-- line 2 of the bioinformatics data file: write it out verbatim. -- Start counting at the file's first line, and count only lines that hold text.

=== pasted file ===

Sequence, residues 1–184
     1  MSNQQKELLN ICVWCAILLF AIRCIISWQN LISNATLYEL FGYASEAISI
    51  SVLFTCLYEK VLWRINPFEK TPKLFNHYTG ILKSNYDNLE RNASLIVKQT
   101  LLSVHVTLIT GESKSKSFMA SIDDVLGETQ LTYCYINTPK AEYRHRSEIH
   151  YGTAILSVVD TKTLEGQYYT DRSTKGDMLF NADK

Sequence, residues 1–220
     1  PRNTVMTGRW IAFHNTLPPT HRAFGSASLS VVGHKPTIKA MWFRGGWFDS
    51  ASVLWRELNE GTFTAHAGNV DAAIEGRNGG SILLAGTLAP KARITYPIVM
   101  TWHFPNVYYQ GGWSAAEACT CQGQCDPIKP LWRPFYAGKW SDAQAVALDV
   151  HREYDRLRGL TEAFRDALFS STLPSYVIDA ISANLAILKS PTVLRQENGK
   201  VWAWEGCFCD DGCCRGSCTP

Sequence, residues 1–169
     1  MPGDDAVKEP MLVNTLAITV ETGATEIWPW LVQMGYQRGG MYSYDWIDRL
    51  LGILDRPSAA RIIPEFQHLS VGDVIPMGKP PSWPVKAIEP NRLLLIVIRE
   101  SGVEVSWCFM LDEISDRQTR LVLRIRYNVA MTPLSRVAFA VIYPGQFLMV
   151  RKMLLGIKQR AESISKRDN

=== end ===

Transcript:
     1  MSNQQKELLN ICVWCAILLF AIRCIISWQN LISNATLYEL FGYASEAISI